US Supreme Court weighs if public officials can block critics on social media

By John Kruzel and Andrew Chung

WASHINGTON (Reuters) -The U.S. Supreme Court on Tuesday grappled with a pair of cases from California and Michigan involving public officials blocking critics on social media, with the justices struggling to define when such conduct runs into constitutional limits on the government’s ability to restrict speech.

Lower courts reached different conclusions in the two cases, reflecting the legal uncertainty over whether such social media activity is bound by the U.S. Constitution’s First Amendment, which protects freedom of speech. Blocking users is a function often employed on social media to stifle critics.

The justices, hearing about three hours of arguments, focused on spelling out the circumstances for deciding whether public officials were acting in their personal capacity when blocking critics or engaged in a “state action.” The First Amendment constrains government actors but not private individuals.

The first case involves two public school board trustees from Poway, California who appealed a lower court’s ruling in favor of parents who sued them after being blocked from the personal accounts of the officials on X, called Twitter at the time, and Facebook. The second case involves a Michigan man’s appeal after a lower court rejected his lawsuit against a Port Huron city official who blocked him on Facebook.

Conservative Justice Samuel Alito cited a hypothetical town manager who puts a municipal seal on his own social media page and tells citizens to express their views. Alito told Hashim Mooppan, a lawyer for the school board officials, that his argument could let this town manager “block anybody who expresses criticism of what the town manager is doing, and thereby create the impression that everybody in town thinks the town manager is doing the right thing.”

Mooppan urged the justices to embrace the “duty or authority” legal test that looks at whether officials operated their pages to fulfill official duties or used governmental authority to maintain them. Under this test, Mooppan argued, the social media activity of his clients was not governmental.

Liberal Justice Elena Kagan cited former President Donald Trump as an example, noting he did “a lot of government” on his Twitter account, sometimes even announcing policies.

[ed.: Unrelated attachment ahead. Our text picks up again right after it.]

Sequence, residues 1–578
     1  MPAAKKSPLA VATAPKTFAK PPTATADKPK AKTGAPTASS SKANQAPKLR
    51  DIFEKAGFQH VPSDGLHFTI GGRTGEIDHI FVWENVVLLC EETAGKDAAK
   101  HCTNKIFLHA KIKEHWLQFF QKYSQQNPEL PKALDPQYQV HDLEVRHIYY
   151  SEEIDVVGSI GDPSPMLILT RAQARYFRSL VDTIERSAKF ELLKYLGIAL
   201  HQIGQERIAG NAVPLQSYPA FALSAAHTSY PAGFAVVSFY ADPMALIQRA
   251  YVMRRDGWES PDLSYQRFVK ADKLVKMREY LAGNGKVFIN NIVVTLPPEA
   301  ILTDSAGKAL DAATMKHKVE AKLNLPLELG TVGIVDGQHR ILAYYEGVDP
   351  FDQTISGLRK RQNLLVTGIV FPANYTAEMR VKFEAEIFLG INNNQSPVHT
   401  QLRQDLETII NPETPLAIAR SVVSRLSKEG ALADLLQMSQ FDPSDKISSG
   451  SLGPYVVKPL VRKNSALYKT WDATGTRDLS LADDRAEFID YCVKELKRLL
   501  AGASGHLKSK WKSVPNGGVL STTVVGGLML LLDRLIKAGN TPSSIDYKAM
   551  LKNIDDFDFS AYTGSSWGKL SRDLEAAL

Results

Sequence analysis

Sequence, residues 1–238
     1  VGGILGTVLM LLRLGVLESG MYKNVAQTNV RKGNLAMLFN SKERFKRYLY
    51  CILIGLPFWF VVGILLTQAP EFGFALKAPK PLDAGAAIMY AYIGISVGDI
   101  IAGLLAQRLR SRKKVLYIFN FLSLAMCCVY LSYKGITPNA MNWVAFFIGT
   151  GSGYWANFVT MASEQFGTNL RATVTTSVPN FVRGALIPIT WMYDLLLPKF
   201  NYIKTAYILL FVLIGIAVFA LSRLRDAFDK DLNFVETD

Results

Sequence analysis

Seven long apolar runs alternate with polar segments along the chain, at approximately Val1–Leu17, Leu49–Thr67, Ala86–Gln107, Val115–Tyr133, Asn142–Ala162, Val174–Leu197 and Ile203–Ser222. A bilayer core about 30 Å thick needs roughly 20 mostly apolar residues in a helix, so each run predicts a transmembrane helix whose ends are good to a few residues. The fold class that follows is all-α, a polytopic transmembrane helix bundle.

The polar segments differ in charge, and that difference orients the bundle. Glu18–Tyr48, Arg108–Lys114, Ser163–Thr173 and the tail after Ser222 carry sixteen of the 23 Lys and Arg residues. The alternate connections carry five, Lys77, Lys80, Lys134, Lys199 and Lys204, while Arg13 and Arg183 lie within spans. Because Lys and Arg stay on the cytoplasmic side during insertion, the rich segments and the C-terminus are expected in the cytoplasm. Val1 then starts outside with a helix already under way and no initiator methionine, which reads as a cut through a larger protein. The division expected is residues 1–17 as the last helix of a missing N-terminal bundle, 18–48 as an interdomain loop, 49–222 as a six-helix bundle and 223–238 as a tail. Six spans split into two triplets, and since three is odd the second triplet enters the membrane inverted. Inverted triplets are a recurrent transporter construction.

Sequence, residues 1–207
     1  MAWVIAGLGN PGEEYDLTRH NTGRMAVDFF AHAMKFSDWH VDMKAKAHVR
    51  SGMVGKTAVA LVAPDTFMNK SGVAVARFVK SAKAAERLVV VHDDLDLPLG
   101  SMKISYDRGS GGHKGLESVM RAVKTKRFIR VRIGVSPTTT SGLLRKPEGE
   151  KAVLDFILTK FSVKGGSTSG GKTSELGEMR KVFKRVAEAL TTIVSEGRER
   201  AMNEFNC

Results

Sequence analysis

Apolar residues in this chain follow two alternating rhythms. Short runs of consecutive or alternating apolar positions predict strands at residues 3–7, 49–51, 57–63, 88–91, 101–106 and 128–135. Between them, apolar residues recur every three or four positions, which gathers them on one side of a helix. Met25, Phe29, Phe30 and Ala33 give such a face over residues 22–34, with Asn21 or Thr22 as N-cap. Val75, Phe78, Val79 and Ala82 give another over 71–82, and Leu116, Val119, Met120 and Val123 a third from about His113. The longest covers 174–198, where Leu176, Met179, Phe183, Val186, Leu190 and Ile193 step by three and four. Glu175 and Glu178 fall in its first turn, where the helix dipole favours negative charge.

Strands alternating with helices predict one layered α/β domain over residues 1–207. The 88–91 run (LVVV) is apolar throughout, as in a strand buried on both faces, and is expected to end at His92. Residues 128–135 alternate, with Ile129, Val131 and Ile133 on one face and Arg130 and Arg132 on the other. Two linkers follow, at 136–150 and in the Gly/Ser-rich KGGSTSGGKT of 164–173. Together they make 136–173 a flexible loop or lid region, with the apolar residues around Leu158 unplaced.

“It was an important part of how he wielded his authority – and to cut a citizen off from that is to cut a citizen off from part of the way that government works,” Kagan said.

The Supreme Court previously confronted the issue in 2021 in litigation over Trump’s effort to block critics on Twitter. It declined to decide the matter, deeming the case moot after Trump left office.

President Joe Biden’s administration sided with the officials in both cases argued on Tuesday. A ruling is expected by the end of June.

The California case involves Michelle O’Connor-Ratcliff and T.J. Zane, elected Poway Unified School District trustees. They blocked Christopher and Kimberly Garnier, parents of three local students, after they made hundreds of critical posts on issues including race and school finances. A judge sided with the couple. The San Francisco-based 9th U.S. Circuit Court of Appeals agreed.

In the Michigan case, Port Huron resident Kevin Lindke sued after City Manager James Freed blocked him from his public Facebook page following critical posts involving the COVID-19 pandemic. A judge ruled in favor of Freed. The Cincinnati-based 6th U.S. Circuit Court of Appeals agreed.

Some justices asked whether requiring public officials to include disclaimers on their personal pages making clear their social media activity is not governmental would help disentangle their private and public capacities.

Liberal Justice Ketanji Brown Jackson said she was struggling to understand “why the onus isn’t on the government official to be clear about the capacity in which they’re operating.”

Conservative Justice Brett Kavanaugh told Victoria Ferres, an attorney for Freed, that considering everything an official posts about their job to be state action would be too broad, but wondered if a narrower category of postings such as announcing rules, directives or notices would suffice as official acts.

Ferres agreed: “If you have a duty to announce a rule and the only time that you ever do it is on the Facebook page, then there is going to be state action.”

(Reporting by John Kruzel and Andrew Chung in New York; Editing by Will Dunham)